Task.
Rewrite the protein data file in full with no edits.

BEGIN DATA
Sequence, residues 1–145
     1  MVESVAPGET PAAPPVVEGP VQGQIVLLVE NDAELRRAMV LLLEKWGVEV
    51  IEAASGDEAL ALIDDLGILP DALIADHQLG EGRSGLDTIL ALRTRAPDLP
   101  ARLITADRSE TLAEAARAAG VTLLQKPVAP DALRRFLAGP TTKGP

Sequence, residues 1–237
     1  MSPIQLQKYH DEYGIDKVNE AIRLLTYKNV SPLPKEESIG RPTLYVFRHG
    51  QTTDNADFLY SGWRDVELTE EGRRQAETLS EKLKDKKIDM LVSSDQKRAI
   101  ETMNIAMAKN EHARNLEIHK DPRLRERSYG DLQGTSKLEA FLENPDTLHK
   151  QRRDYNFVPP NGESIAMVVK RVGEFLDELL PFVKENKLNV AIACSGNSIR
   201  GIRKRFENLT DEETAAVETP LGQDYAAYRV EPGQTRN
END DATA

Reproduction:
Sequence, residues 1–145
     1  MVESVAPGET PAAPPVVEGP VQGQIVLLVE NDAELRRAMV LLLEKWGVEV
    51  IEAASGDEAL ALIDDLGILP DALIADHQLG EGRSGLDTIL ALRTRAPDLP
   101  ARLITADRSE TLAEAARAAG VTLLQKPVAP DALRRFLAGP TTKGP

Sequence, residues 1–237
     1  MSPIQLQKYH DEYGIDKVNE AIRLLTYKNV SPLPKEESIG RPTLYVFRHG
    51  QTTDNADFLY SGWRDVELTE EGRRQAETLS EKLKDKKIDM LVSSDQKRAI
   101  ETMNIAMAKN EHARNLEIHK DPRLRERSYG DLQGTSKLEA FLENPDTLHK
   151  QRRDYNFVPP NGESIAMVVK RVGEFLDELL PFVKENKLNV AIACSGNSIR
   201  GIRKRFENLT DEETAAVETP LGQDYAAYRV EPGQTRN